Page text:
I’m a former academic who is now a full-time editor. As an academic, I attended many international conferences, did lots of fieldwork, and had family to visit back home. This meant that I was sitting on a plane at least once a month on average, if not more often. I was of course fully aware of what this meant in terms of carbon emissions and yes, I was (and am!) a total hypocrite, like everyone else. Since I left academia in 2017, scholars have become increasingly aware of their carbon footprint. Many have decided to fly less; this blog is one example of what can possibly be called a trend of low-carbon academic practices (this blog is another one). This flight shaming finally made me decide that, if I can help it, I will no longer fly within Europe (shaming works, people!).

While I have no more fieldwork to do, editors have conferences too (yay!), so when I registered for my first-ever SfEP mini-conference in Newcastle, I booked the overnight ferry from Amsterdam (IJmuiden) to Newcastle (North Shields) and (eventually) launched the hashtag #lowcarboneditor. On Twitter and on the SfEP-forums, I quickly became known as That Dutch Girl Who Is Taking a Boat to Get Here (and Who Is Bringing Us Stroopwaffles). I was warned that this ferry is a notorious party boat, full of English stag-dos and hen parties. This was worrying, because I had pictured myself sitting on deck with my book and a pint like a good (bad) nineteenth-century aristocratic lady, not trying to dodge projectile-vomiting adolescents.

As it turned out, I had nothing to worry about. The ferry is like a small cruise ship, with plenty of entertainment options located on one side of the boat and the cabins located on the other, which means that you can sleep in peace. Moreover, the audience consisted not only of drunk English people but of a surprisingly large amount of older Germans, primary school children, and middle-aged Dutch couples as well.

My mom drove me from Amsterdam to IJmuiden, but there’s also a shuttle bus to the ferry terminal that departs from the center of Amsterdam or a public bus, if you’re willing to walk a bit. The company allows you to check in hours before departure (which is at 5:30 p.m.), so you can get settled into your cabin and grab a coffee (or a beer, if you are so inclined).

Cabins come in different classes, and you always book the entire cabin, not just a bed. This meant that on the way to Newcastle, I paid the same for a two-bed cabin on a higher deck as I did for a four-bed economy cabin on the lowest deck on the way back to the Netherlands (in both, the upper beds fold up). I gotta say, the idea of actually sleeping underwater was slightly terrifying, and the watertight doors on that deck that close in case of flooding did not help. At all. In any case, book way in advance if you want to secure an upper-deck cabin. I booked this trip (which took place at the end of May) in February and they were already gone for the way back.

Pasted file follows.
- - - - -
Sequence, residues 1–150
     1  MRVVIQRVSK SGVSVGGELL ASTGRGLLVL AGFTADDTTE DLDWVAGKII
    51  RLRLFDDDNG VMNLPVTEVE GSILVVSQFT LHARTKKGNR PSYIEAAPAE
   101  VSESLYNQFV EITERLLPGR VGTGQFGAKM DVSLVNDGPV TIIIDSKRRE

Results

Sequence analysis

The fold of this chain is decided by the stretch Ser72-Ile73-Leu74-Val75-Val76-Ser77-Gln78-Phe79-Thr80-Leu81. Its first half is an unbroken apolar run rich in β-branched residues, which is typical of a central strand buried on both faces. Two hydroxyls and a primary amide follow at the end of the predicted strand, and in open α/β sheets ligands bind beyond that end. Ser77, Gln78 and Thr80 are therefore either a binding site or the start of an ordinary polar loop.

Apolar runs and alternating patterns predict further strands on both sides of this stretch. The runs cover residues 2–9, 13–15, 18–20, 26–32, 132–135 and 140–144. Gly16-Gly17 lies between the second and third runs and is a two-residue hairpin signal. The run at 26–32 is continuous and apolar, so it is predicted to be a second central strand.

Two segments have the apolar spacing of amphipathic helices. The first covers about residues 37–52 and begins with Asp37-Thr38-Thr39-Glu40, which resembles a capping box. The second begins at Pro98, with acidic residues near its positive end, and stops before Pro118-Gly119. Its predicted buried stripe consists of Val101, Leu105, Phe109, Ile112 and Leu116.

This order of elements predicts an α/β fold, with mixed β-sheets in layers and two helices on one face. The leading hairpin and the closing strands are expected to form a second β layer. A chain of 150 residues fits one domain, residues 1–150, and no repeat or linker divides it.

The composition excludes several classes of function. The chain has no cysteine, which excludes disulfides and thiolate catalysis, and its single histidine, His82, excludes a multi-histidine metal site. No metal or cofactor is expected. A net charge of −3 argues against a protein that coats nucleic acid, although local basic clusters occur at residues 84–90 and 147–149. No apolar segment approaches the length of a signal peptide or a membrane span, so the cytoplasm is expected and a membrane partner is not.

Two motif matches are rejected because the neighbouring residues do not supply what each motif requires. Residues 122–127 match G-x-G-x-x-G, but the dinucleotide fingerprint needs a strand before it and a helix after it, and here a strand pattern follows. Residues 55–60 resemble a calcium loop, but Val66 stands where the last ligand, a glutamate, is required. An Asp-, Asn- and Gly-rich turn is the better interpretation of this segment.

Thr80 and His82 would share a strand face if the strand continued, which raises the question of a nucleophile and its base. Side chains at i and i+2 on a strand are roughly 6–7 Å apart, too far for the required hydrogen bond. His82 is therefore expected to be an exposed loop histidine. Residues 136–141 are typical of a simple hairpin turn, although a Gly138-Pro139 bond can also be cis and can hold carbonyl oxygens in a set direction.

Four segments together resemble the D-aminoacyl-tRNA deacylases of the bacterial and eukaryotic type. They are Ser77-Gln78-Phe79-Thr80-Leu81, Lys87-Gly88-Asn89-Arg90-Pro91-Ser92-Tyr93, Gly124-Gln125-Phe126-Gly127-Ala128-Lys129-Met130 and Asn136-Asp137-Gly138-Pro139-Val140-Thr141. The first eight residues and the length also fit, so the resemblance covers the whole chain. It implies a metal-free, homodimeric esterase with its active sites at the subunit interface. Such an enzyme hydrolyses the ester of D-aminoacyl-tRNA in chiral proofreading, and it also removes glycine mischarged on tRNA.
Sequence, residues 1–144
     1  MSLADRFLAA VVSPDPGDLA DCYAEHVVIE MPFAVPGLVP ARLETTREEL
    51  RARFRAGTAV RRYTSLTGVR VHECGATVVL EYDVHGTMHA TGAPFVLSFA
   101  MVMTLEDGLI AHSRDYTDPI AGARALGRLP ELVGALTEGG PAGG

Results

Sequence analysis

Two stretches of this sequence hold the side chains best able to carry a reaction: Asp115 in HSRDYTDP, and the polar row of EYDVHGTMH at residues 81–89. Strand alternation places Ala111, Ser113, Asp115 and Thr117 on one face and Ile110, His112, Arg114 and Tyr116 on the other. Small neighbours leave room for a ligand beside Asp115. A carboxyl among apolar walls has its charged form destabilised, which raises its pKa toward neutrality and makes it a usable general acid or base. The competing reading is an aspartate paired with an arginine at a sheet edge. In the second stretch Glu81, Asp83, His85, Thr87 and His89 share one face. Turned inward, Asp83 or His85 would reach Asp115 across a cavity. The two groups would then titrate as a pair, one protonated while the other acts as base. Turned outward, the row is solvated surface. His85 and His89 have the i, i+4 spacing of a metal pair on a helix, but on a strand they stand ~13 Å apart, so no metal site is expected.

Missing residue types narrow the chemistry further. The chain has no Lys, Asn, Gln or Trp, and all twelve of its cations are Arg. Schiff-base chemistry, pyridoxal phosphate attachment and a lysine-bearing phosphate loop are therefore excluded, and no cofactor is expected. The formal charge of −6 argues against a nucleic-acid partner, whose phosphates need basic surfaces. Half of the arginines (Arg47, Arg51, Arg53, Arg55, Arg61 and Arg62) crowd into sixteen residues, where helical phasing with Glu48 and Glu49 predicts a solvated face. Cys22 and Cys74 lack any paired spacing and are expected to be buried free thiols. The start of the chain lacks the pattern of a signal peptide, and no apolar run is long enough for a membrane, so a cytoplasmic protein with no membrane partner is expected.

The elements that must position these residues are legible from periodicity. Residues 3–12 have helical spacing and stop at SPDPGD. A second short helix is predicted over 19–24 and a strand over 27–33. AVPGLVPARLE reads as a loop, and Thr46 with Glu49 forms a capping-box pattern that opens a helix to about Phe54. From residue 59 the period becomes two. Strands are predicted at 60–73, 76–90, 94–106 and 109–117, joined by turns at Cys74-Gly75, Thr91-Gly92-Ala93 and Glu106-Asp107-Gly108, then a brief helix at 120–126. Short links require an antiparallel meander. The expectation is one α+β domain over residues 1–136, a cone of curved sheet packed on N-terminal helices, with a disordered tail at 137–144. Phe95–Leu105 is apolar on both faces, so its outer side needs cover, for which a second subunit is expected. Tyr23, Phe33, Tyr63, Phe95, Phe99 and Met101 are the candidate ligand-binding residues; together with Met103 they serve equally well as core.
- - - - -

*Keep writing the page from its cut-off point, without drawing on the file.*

The boat it self has a bar, two restaurants, a small casino, a cafe, a cinema, a children’s play area, a shop, a sky bar on the top deck, and more. It really is like a small cruise ship. It’s about a million times more comfortable and fun than traveling on a plane. Also, there’s no phone reception and wifi unless you are willing to pay a lot, which constitutes a good fifteen hours of digital detox (or, in my case, the opportunity to edit until the early morning hours without distractions).


The best thing about this trip, however, was our arrival in Newcastle. This was nothing short of majestic, with the excitement of land in sight a few hours before actually docking, everyone standing outside on the decks as the ferry slowly made its way toward Tynemouth. It was at this moment that I solemnly vowed to treat myself to boat trips as often as possible.


So, are there any cons in this story? The trip takes fifteen hours, but potentially saves you two hotel nights (although the boat’s arrival at 9:15 a.m. in North Shields is not ideal if you have something in the morning; it takes about an hour to get to town from the ferry terminal). It’s not as cheap as flying, but if you can split a cabin you can travel for as little as 25 euros one way. If you can spare the time or are flexible in terms of where you work, I cannot recommend this trip more!

2 thoughts on “The Low-Carbon Editor: A Trip to Newcastle

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